Madison’s Memorial Union is maybe my favorite building ever – marble, history, and the world’s best terrace. It is the rare kind of space that is actually used on a daily basis – students studying in the halls, people attending performances or grabbing a beer. It is easy to ignore the amazing golden marble arches when you are just on your way from the theater to the gallery, but it is one of my favorite spaces, and it was a perfect place to get a photo of Kristen and Mike before their reception in the Great Hall!
I give myself a lot of arbitrary rules about how I show images on my blog and how I talk about them. As an owner of a creative business, I have to think a lot about how people perceive the Becca Dilley Brand, as opposed to how people might just think of me, Becca.
So I generally don’t show Black and White images – I love monotone images and deliver some in all sessions I do, but I think that you really see the skill of lighting technique and post production work with color images. I believe that it makes me stand out to show images that don’t have to be treated into black and white.
I generally try to show off new lighting techniques or composition techniques – something complicated or difficult. I believe it again echoes a level of technical difficulty.
I try to blog on a set schedule – always in the mornings – Because it makes me seem organized, kind of.
But, I just love this photo of Brooke and Adam dancing. I love the light (most of which is just part of the Varsity Theater experience), I love all the guests trying to take iphone photos (I’m guessing those didn’t work out), and I love the intimacy in a crowded room that Brooke and Adam emit.
I often post a lot of fancy photos with complicated lighting and technical aspects. I do that to stand out as a photographer who knows about both technique and working with people. But I also just love a good photo of two people, crazy in love, in a pretty patio in the spring time. I know Ann has her eyes closed in laughter, but sometimes the imperfection is even more perfect. Congratulations to Ann + Jim on the start of a fantastic marriage!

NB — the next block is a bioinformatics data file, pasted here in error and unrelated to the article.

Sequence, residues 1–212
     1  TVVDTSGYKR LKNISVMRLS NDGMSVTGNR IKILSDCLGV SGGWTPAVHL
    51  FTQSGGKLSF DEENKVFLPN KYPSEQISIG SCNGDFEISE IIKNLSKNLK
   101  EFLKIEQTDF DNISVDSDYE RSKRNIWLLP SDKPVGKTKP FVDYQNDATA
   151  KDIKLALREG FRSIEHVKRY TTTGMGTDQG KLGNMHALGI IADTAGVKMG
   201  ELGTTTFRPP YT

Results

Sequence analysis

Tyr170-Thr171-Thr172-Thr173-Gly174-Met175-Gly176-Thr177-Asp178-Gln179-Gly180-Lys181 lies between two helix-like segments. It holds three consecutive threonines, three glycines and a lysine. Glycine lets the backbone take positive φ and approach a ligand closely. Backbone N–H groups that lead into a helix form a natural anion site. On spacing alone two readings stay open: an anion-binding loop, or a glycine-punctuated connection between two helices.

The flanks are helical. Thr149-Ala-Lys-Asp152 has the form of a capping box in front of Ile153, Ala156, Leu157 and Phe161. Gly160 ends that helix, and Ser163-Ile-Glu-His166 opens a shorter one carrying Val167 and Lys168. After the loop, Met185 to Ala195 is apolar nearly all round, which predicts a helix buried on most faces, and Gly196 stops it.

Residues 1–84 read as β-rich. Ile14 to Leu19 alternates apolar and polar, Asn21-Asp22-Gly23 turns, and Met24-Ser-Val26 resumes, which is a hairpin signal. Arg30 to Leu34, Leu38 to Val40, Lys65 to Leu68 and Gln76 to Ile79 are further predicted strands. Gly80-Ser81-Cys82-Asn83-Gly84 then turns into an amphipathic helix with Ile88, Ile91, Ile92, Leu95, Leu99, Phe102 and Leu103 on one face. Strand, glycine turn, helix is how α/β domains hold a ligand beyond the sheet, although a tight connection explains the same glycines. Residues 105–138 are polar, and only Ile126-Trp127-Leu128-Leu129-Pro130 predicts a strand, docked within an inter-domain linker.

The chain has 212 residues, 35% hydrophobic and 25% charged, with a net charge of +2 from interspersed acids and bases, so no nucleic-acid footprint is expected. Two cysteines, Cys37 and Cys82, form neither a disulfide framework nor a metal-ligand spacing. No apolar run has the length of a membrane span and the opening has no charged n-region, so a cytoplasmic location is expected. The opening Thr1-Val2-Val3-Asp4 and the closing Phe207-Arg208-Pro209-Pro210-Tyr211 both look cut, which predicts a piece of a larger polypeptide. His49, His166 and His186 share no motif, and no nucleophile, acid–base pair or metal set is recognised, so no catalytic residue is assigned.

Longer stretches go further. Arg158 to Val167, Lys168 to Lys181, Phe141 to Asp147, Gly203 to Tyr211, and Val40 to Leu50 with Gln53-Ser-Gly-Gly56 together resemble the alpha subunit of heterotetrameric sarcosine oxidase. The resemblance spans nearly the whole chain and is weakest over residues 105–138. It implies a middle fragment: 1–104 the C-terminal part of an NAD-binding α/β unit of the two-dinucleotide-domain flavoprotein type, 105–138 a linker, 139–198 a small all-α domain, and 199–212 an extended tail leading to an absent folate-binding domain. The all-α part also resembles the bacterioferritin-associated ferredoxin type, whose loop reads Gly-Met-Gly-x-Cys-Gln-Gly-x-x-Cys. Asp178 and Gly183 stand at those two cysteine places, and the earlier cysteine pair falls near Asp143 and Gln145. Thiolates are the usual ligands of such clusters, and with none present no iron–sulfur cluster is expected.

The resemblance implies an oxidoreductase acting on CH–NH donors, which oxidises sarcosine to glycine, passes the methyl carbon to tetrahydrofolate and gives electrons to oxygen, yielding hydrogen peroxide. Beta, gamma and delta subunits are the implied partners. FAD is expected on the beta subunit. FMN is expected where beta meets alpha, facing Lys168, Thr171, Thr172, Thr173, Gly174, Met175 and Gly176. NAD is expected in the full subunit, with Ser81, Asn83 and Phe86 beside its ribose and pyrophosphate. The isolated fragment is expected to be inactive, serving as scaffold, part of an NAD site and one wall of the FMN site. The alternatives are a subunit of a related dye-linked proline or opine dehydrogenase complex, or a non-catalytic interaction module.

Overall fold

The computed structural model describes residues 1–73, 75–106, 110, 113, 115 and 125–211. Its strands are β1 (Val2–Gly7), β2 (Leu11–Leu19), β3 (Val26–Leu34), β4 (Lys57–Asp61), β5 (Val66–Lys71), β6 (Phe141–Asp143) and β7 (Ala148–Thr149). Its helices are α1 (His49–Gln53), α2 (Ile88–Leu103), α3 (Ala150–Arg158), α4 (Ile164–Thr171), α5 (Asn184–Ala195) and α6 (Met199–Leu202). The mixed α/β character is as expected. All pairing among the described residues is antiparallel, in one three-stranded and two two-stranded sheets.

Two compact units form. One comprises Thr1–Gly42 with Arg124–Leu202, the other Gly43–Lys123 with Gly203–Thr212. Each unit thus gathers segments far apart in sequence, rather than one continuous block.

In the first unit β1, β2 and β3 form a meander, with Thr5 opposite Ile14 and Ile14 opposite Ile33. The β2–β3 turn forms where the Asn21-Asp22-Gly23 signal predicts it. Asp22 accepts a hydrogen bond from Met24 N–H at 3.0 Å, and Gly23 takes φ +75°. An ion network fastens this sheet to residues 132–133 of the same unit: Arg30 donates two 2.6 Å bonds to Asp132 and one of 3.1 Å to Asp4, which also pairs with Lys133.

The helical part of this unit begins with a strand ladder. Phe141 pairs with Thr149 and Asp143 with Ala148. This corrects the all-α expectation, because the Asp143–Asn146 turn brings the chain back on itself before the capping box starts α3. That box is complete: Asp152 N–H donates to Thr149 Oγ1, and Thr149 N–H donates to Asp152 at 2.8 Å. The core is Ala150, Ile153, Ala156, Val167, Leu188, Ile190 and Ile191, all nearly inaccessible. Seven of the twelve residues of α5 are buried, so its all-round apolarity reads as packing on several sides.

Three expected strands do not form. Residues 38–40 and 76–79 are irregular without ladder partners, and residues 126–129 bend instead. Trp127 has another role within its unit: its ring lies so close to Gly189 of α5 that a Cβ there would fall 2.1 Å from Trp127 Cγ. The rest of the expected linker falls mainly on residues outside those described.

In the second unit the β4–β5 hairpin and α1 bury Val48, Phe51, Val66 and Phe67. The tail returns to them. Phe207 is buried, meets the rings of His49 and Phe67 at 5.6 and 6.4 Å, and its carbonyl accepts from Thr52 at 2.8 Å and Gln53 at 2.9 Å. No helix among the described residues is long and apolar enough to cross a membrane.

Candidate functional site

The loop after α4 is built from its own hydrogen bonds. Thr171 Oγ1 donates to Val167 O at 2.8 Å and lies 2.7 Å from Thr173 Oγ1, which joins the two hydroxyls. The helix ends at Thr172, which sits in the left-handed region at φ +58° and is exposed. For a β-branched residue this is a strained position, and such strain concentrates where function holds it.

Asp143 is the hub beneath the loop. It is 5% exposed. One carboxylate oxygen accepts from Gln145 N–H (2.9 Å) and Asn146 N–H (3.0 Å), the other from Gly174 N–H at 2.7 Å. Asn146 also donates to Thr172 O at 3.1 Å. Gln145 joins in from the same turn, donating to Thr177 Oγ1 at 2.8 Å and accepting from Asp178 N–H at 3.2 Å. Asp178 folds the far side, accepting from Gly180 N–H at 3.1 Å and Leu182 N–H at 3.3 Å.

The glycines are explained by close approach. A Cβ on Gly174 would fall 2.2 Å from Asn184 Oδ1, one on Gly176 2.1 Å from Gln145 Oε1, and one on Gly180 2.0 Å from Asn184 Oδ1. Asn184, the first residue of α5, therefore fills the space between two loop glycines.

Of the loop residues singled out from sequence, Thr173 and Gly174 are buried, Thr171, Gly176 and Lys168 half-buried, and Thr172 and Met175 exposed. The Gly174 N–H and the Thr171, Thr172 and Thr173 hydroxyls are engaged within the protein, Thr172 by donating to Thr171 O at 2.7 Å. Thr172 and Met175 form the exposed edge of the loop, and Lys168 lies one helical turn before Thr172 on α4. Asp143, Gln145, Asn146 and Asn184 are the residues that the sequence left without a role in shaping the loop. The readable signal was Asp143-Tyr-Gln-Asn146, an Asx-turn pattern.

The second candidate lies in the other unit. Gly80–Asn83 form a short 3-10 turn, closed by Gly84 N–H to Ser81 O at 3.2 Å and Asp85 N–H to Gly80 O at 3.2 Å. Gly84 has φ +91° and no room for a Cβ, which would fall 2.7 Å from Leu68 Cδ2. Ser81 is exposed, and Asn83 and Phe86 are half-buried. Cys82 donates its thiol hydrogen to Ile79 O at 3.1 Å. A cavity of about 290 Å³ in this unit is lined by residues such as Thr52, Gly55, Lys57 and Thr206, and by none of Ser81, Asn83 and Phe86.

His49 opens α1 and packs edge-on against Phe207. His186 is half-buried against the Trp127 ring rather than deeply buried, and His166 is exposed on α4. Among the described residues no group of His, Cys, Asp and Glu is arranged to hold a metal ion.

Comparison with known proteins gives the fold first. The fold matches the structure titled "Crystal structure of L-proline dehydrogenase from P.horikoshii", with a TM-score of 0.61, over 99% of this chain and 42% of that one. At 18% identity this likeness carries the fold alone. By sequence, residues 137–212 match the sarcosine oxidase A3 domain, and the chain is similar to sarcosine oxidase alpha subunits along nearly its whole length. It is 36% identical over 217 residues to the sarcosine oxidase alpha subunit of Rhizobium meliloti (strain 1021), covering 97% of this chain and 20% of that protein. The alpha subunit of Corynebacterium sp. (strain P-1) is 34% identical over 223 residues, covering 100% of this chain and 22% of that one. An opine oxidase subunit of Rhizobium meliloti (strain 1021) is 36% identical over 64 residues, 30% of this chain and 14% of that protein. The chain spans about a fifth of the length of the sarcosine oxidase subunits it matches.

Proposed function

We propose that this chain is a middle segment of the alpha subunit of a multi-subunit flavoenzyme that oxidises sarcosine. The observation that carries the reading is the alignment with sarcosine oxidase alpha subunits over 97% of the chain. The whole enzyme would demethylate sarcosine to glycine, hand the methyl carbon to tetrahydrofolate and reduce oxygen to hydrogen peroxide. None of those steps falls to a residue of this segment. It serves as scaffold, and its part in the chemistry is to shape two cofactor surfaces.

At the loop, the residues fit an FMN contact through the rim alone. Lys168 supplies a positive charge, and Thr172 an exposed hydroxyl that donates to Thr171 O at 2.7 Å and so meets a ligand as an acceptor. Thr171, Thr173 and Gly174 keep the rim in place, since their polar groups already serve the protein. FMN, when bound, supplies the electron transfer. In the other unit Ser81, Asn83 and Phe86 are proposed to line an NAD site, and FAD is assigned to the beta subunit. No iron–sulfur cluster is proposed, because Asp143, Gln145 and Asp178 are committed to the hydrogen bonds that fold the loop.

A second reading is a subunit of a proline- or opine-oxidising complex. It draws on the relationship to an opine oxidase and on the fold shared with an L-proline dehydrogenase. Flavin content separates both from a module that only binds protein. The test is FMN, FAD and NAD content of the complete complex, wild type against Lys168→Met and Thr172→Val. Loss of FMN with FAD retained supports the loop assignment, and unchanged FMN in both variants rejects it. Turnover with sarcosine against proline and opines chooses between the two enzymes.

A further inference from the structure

When you arise in the morning, think of what a precious privilege it is to be alive – to breathe, to think, to enjoy, to love.
In winter, I traveled to Ely for a feast in the boundary waters. An extravagant multi-course meal, referencing the history of the boundary waters as well as modern tradition, cooked by J.D. Fratzke of Strip Club Meat and Fish. Part celebration of the bounty that is the Boundary Waters Wilderness Area, part styled photoshoot, part campaign to save the Boundary Waters, it was easily one of the most spectacular gatherings I have been a part of. This was a featured piece in the Heavy Table, and with support from Save the Boundary Waters.
And what a privilege it is to be alive and in the Boundary Waters. The Boundary Waters is the most spectacular preserved wilderness in the United States, and accessible enough to be enjoyed by those of us in Minnesota. Thank you yo Save the Boundary Waters for the work they do to preserve this precious resource.